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A lion rests in the shade of a tree in the Amboseli national park 290 km (188 miles) southeast of Kenya's capital Nairobi, February 10, 2010.
Reuters/David Clarke
This lion isn’t worried about hunters. He’s worried about his neighborhood.
IF YOU BUILD IT THEY WILL DIE

The biggest threat to African lions isn’t foreign hunters—it’s African people

By Tim Fernholz

Still upset about Cecil the lion? Maybe you should just skip this story.

You see, Cecil’s death at hands of an American dentist who paid guides to lure the majestic beast from a nature reserve has struck a global nerve, and in the US, led to significant criticism of big game hunters and laws that allow the importation of their trophies.

But set aside typical American solipsism: Whatever you think of big game hunters, the reality is that they aren’t to blame for shrinking lion populations. African population growth and economic development is.

In 2012, a group of scientists used satellite data to estimate the size of African savannas where lions could live without being bothered by humans. They found that between 1960 and 2000, the available habitat shrunk by 2.2 million square kilometers, to about 9.7 million square km (about a 20% reduction), while the size of the lion population shrunk by 75%.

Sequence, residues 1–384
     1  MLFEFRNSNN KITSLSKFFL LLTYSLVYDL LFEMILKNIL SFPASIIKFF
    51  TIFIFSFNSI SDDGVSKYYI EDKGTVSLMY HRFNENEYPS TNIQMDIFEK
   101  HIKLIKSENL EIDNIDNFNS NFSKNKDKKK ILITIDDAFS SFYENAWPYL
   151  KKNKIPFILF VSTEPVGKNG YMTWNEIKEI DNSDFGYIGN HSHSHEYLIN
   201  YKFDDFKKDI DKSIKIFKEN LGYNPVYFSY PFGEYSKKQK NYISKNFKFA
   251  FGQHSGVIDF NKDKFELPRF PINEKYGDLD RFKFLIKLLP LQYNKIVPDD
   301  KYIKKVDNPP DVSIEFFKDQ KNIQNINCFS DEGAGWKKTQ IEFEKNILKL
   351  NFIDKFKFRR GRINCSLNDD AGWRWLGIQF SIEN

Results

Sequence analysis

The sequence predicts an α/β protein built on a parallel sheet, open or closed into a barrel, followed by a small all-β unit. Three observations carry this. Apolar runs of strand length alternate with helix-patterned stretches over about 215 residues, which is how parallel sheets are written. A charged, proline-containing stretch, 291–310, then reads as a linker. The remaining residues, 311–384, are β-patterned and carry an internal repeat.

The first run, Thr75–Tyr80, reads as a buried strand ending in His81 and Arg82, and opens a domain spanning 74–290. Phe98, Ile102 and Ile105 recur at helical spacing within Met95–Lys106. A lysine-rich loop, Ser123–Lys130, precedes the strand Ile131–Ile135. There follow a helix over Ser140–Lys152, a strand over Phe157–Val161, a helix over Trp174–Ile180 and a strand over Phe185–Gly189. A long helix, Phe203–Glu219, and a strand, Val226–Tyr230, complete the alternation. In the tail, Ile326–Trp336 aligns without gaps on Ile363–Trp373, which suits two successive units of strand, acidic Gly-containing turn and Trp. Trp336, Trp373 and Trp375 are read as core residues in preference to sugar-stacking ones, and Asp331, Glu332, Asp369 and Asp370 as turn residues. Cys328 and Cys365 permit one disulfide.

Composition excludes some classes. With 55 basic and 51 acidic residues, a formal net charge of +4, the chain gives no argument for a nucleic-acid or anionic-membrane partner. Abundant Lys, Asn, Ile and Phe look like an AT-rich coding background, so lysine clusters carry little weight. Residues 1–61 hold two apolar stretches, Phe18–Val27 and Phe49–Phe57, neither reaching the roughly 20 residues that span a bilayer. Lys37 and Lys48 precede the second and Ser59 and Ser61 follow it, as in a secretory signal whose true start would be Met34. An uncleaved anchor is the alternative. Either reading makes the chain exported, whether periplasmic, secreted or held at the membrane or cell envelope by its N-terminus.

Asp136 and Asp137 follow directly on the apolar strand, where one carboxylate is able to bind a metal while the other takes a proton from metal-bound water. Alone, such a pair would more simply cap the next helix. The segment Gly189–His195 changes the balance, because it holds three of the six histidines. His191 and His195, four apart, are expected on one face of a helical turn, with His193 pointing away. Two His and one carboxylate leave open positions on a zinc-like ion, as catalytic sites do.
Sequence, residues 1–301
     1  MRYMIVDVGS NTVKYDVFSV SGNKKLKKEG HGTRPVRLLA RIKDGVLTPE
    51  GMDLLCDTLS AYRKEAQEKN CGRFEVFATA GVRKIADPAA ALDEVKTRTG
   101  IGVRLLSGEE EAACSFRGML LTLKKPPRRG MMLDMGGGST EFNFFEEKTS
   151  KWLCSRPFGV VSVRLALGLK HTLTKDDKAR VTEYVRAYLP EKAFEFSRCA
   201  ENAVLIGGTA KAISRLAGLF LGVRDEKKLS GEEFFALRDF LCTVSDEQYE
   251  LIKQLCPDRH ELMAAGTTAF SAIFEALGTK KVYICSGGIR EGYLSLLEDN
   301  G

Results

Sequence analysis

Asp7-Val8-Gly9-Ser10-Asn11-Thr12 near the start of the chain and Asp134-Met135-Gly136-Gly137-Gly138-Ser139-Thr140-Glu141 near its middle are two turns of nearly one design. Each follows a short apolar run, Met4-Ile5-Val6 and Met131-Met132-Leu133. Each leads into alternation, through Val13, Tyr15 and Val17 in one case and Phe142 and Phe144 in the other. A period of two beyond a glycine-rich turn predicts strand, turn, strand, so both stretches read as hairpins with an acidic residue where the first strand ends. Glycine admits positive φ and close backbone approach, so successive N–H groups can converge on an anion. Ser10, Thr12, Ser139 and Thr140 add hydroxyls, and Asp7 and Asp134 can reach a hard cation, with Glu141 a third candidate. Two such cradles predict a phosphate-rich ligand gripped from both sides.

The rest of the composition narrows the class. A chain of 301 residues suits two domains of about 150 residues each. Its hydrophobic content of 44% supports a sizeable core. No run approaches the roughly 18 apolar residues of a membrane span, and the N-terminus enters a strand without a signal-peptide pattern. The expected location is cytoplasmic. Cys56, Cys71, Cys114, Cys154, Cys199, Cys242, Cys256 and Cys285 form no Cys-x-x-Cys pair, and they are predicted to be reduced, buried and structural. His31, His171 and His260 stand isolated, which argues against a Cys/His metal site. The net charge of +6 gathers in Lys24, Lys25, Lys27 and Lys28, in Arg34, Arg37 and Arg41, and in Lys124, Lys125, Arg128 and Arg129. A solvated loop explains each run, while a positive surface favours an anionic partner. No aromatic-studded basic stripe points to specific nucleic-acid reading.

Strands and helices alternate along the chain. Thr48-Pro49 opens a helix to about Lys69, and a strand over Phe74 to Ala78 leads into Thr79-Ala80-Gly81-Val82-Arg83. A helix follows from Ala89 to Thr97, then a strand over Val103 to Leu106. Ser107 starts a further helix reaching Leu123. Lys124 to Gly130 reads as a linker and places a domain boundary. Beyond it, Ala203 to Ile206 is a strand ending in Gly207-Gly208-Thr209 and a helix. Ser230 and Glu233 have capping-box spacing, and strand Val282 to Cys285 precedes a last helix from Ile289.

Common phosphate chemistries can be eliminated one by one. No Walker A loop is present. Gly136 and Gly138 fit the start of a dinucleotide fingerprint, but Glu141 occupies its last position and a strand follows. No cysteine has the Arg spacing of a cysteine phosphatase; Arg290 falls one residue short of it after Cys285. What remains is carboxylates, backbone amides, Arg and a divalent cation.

While some populations appear secure, the researchers still expect further shrinkage in the years to come and more local extinctions—out of a total population ranging from 32,000 to 35,000, they identified some 6,000 lions in areas of “doubtful long-term longevity.”

That’s 6,000 Cecils who probably won’t make it.

Many African nations have created large national parks to protect their animals, some of the largest in the world. But nearby farmers tend to keep the majority of their wealth in livestock. When hungry lions stray off the reservation and threaten their farms, they get killed. Lions also can find their way into the snares of local hunters looking for wild meat.

“The biggest threats to lions are the loss of habitat and when lions come into conflict with people outside the protected area,” says Stuart Pimm, a professor of conservation ecology at Duke University who worked on the study. “The wider context for Cecil the lion is how we manage lions and other animals when they are outside of the protected area.”

Pimm works with National Geographic’s Big Cats Initiative on several grant programs toward that end. One program helps farmers build sturdier enclosures, known as bomas, for their herds, reducing the threat of lions without having to kill them.

Ironically, while big game hunting is controversial, some conservationists have argued in favor of hunting preserves near national parks. The idea is to create some stream of income for locals that creates an incentive to protect lion populations. Other ways to make a living may just result in more human-lion conflict.

“If that works, if it is sustainable, it is a good idea,” Pimm says. “In many examples, it doesn’t work. Clearly, the laws, the rules failed. And I think the Zimbabwean authorities, everything I read in the media suggests they are very unhappy about this, too.”

Whether or not Zimbabwe and other countries with lions decide to change their hunting-conservation model, they are unlikely to change their aspirations of increased prosperity and development. And that means more lions are going to die. They just won’t necessarily attract the same attention that Cecil did.

Tim Fernholz
Reporter
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